A three-dimensional (3D) finite-element optical tomographic reconstruction algorithm based on a diffusion equation approximation is presented. The algorithm uses a regularized Newton method to update an initial (guess) optical property distribution iteratively in order to minimize an object function composed of a weighted sum of the squared difference between computed and measured data, and reconstructs the spatial distribution of the absorption and scattering coefficients of turbid media/tissues using DC data. Considering the memory requirements and computational cost for 3D reconstruction, the algorithm has been parallelized with Message-Passing Interface. We have conducted both phantom and in vivo clinical experiments to evaluate our parallelized three-dimensional reconstruction algorithm. The results show that 3D volumetric images of turbid media and in vivo tissues can be successfully reconstructed.
The reconstruction of fluorescence lifetime distributions in heterogeneous turbid media and tumor-bearing animals are experimentally demonstrated by frequency-domain measurements. A set of coupled diffusion equations are used to describe the propagation of excitation and fluorescent emission light in multiply scattering media. A finite element based reconstruction algorithm combined with Marquardt and Tikhonov regularization methods are used to obtain the fluorescence images. The experimental set-up is an automatic multi-channel frequency-domain system. 16 sources and 16 detectors are used. Experiments are performed using indocyanine green (ICG) and 3,3'-diethylthiatricarbocyanine iodide (DTTCI) in tissue-like phantoms of both single- and multi-target configurations with considerations of perfect and imperfect uptake of fluorescence dyes in the scattering media. ICG are used in tumor-bearing animal studies. Our results show that the fluorescence lifetime image of the heterogeneities within a circular surrounding medium and in-vivo tissue can be reconstructed successfully.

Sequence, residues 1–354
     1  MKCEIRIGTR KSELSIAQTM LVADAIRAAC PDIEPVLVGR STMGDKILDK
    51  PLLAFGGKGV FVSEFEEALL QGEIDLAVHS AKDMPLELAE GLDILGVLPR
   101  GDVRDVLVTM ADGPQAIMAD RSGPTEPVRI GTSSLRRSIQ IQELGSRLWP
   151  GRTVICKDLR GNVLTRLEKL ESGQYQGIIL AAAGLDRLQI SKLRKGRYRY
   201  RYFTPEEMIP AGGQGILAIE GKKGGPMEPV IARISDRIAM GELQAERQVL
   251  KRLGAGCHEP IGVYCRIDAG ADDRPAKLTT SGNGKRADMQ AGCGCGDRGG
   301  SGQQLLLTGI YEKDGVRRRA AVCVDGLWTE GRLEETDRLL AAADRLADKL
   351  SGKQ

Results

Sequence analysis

A pilot clinical study on ten female volunteers is reported using our multi-channel frequency-domain optical imager. Seven of these patients were previously identified with tumors or microcalcifications by x-ray and/or ultrasound mammography. These tumors had a size between 5 and 38 mm. Using our optical imager and reconstruction methods we were able to detect all tumors that had been identified by x-ray and/or ultrasound mammography. The quantification of our improved scattering images shows a clear differentiation between benign and malignant tumors. A comparison between our results and x-ray/ultrasound results is also given.